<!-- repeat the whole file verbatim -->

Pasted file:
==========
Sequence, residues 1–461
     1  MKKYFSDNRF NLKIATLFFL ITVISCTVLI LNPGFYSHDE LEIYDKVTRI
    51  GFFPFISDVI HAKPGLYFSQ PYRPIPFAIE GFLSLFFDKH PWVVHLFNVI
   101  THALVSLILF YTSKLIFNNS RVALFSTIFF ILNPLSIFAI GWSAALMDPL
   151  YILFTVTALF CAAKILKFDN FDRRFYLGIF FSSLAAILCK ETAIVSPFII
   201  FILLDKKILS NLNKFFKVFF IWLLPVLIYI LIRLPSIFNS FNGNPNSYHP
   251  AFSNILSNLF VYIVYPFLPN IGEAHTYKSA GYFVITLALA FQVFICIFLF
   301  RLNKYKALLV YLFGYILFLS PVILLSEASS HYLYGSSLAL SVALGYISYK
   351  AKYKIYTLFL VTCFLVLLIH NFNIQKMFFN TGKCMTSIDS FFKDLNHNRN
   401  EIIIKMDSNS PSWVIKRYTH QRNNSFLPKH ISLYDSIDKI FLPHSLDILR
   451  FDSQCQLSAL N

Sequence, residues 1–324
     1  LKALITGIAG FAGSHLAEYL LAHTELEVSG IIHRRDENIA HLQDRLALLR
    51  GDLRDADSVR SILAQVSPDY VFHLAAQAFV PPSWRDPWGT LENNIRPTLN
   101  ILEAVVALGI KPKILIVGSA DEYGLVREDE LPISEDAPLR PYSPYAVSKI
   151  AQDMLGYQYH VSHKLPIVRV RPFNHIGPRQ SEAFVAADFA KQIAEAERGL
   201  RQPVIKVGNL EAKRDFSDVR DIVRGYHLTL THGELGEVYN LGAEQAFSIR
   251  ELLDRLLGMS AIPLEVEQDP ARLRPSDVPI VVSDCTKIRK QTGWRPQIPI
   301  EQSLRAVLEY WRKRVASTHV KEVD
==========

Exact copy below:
Sequence, residues 1–461
     1  MKKYFSDNRF NLKIATLFFL ITVISCTVLI LNPGFYSHDE LEIYDKVTRI
    51  GFFPFISDVI HAKPGLYFSQ PYRPIPFAIE GFLSLFFDKH PWVVHLFNVI
   101  THALVSLILF YTSKLIFNNS RVALFSTIFF ILNPLSIFAI GWSAALMDPL
   151  YILFTVTALF CAAKILKFDN FDRRFYLGIF FSSLAAILCK ETAIVSPFII
   201  FILLDKKILS NLNKFFKVFF IWLLPVLIYI LIRLPSIFNS FNGNPNSYHP
   251  AFSNILSNLF VYIVYPFLPN IGEAHTYKSA GYFVITLALA FQVFICIFLF
   301  RLNKYKALLV YLFGYILFLS PVILLSEASS HYLYGSSLAL SVALGYISYK
   351  AKYKIYTLFL VTCFLVLLIH NFNIQKMFFN TGKCMTSIDS FFKDLNHNRN
   401  EIIIKMDSNS PSWVIKRYTH QRNNSFLPKH ISLYDSIDKI FLPHSLDILR
   451  FDSQCQLSAL N

Sequence, residues 1–324
     1  LKALITGIAG FAGSHLAEYL LAHTELEVSG IIHRRDENIA HLQDRLALLR
    51  GDLRDADSVR SILAQVSPDY VFHLAAQAFV PPSWRDPWGT LENNIRPTLN
   101  ILEAVVALGI KPKILIVGSA DEYGLVREDE LPISEDAPLR PYSPYAVSKI
   151  AQDMLGYQYH VSHKLPIVRV RPFNHIGPRQ SEAFVAADFA KQIAEAERGL
   201  RQPVIKVGNL EAKRDFSDVR DIVRGYHLTL THGELGEVYN LGAEQAFSIR
   251  ELLDRLLGMS AIPLEVEQDP ARLRPSDVPI VVSDCTKIRK QTGWRPQIPI
   301  EQSLRAVLEY WRKRVASTHV KEVD